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Philip V. Allingham, Contributing Editor, ictorian Web; Faculty of Education, Lakehead University, ... - page 12 / 15





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Book III, Chapter 4: "Calm in Storm."

  • 1.

    How many months are covered in this chapter?

  • 2.

    Why do all the atrocities he witnesses not drive Dr. Manette into another relapse?

  • 3.

    In fact, our estimation of Dr. Manette changes, and he becomes a developing

character. Justify or attack Dickens' treatment of Dr. Manette's character in this chapter.

  • 4.

    Note Dickens' allusion to the children of the dragon's teeth (p. 301), the tough, new generation that were to populate Cadmus' new city, Thebes, in Ovid's Metamorphoses. Why does he so refer to the patriots?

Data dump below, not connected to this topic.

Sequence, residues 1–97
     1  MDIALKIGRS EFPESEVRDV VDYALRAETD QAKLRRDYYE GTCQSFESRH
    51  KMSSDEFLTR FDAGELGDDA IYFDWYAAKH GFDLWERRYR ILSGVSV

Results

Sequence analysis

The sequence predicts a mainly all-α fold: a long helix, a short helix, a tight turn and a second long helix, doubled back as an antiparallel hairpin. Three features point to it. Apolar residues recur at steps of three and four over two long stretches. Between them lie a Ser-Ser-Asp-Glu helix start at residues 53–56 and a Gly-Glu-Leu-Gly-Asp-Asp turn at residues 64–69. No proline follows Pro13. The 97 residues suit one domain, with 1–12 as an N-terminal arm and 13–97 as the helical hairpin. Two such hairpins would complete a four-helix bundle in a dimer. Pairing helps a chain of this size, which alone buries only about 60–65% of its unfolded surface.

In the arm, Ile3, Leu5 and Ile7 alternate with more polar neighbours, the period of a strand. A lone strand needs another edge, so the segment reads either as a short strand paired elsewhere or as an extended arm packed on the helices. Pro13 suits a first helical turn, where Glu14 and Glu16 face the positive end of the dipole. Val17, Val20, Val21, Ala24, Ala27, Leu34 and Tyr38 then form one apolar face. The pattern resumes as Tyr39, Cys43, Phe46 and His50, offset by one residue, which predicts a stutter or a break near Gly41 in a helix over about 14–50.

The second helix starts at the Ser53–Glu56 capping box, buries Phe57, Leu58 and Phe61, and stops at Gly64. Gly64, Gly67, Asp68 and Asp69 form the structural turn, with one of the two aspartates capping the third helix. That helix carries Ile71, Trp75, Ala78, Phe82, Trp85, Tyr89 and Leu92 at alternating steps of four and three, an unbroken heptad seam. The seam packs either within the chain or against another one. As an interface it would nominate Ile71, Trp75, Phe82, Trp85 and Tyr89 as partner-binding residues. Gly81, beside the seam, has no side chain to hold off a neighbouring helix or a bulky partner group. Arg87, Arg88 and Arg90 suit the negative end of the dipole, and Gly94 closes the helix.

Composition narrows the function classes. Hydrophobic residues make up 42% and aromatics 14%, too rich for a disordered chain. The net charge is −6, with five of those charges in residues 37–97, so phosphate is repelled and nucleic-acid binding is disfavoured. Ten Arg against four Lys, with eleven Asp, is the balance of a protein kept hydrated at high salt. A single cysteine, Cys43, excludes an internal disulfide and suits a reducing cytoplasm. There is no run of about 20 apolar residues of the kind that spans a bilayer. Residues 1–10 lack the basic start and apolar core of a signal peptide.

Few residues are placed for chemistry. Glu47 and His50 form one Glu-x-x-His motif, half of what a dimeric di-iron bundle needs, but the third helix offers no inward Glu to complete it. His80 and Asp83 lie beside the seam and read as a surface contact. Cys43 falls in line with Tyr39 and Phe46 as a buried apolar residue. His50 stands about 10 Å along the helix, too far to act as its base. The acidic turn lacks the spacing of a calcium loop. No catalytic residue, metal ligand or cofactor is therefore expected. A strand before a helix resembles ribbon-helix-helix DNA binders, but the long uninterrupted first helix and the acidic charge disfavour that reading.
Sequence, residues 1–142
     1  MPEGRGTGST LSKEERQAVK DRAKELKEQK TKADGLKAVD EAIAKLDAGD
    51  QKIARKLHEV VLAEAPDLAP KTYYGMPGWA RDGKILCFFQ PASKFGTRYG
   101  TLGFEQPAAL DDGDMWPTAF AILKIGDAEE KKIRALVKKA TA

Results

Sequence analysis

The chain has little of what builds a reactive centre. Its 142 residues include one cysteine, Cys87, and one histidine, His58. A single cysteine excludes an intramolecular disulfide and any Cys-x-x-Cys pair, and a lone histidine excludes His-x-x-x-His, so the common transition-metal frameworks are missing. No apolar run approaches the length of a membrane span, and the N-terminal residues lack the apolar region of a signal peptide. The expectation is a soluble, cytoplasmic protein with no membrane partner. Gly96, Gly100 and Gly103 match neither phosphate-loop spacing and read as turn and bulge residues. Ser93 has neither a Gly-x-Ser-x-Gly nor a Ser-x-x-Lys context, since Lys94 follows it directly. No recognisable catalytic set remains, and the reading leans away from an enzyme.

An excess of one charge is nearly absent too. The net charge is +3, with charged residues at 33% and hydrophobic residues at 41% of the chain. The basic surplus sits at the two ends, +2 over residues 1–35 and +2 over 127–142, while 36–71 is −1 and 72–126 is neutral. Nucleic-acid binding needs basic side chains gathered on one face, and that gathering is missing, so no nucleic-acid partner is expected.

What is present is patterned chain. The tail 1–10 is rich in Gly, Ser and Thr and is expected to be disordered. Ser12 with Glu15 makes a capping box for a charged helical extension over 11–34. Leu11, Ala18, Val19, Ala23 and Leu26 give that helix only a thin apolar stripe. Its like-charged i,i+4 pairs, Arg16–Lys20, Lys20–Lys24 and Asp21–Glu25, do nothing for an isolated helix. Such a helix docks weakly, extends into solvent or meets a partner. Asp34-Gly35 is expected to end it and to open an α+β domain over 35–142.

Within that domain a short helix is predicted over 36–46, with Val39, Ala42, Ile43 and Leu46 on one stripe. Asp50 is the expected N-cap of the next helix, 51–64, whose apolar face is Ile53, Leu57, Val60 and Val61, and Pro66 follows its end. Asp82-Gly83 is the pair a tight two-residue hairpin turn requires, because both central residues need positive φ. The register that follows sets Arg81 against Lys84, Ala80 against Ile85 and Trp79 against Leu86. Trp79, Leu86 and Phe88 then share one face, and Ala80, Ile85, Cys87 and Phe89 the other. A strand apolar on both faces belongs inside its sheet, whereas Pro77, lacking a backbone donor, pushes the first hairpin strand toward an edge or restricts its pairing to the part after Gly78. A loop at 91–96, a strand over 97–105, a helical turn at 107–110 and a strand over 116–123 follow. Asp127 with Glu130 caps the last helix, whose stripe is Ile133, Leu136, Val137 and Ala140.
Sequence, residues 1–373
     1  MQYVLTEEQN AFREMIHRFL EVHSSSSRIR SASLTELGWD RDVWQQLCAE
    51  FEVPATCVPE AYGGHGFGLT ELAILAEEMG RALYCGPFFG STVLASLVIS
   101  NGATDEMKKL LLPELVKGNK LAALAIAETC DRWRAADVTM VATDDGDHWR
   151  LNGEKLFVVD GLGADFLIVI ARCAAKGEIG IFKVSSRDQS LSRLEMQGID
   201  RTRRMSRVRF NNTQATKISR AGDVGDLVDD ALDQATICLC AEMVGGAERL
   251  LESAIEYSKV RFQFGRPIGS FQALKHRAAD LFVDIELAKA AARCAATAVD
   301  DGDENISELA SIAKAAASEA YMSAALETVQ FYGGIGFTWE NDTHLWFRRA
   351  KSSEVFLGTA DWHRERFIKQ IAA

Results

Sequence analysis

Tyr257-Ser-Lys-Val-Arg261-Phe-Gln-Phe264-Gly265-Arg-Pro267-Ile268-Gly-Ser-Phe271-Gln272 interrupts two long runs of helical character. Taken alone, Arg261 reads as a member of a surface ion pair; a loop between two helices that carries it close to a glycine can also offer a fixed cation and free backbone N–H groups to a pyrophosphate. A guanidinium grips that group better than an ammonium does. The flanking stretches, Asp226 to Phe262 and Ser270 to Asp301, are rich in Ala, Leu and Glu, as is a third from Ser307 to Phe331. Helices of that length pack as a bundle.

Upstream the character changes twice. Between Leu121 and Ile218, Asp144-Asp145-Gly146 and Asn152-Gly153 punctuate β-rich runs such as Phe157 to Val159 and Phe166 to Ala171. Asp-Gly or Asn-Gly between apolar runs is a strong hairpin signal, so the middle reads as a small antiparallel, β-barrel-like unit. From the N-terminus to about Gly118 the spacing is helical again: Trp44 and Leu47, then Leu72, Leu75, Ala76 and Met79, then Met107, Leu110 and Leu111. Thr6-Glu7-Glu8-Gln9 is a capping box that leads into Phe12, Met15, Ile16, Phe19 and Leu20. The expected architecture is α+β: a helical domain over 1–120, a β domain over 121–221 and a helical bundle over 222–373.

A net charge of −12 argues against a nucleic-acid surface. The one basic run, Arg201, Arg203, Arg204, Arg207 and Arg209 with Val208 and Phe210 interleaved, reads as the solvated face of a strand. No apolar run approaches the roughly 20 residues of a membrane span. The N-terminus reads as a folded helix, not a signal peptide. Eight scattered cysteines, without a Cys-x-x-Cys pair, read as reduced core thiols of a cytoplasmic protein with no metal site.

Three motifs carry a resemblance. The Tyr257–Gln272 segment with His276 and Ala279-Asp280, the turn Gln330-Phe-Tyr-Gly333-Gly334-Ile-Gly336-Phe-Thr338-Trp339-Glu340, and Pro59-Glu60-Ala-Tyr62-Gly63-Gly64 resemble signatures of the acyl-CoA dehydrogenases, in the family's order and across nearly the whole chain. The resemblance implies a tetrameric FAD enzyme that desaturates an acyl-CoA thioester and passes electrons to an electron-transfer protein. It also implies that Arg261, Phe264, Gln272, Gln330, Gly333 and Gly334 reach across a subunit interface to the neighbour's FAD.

• 5.

    Explain: "La Guillotine . . . was the sign of regeneration of the human. It superseded the cross" (p. 302) AND "The name of the functionary . . . every day"

    • (p.


Book III, Chapter 5: "The Wood-Sawyer"

1. What is coincidental about the wood-sawyer who lives in the vicinity of La Force?

  • 2.

    What is the Carmagnole?

  • 3.

    Who is in secret conference with Mr. Lorry?

  • 4.

    What is ominous in the wood-sawyer's personifying himself as "the Samson of the

firewood guillotine"? (p. 306)?

5. How do we become aware acutely that this novel was originally serialized when we get to the end of this chapter?

Book III, Chapter 6: "Triumph"

1. Why does the attitude of the crowd of the courtroom to Charles dramatically change?

  • 2.

    Who are Charles' principal witnesses?

  • 3.

    What does their testimony substantiate?

  • 4.

    As a discerning reader, why do you find Charles' exoneration unsatisfying?

Book III, Chapter 7: "A Knock at the Door."

1. Upon what grounds is Charles again arrested on the afternoon of his release?

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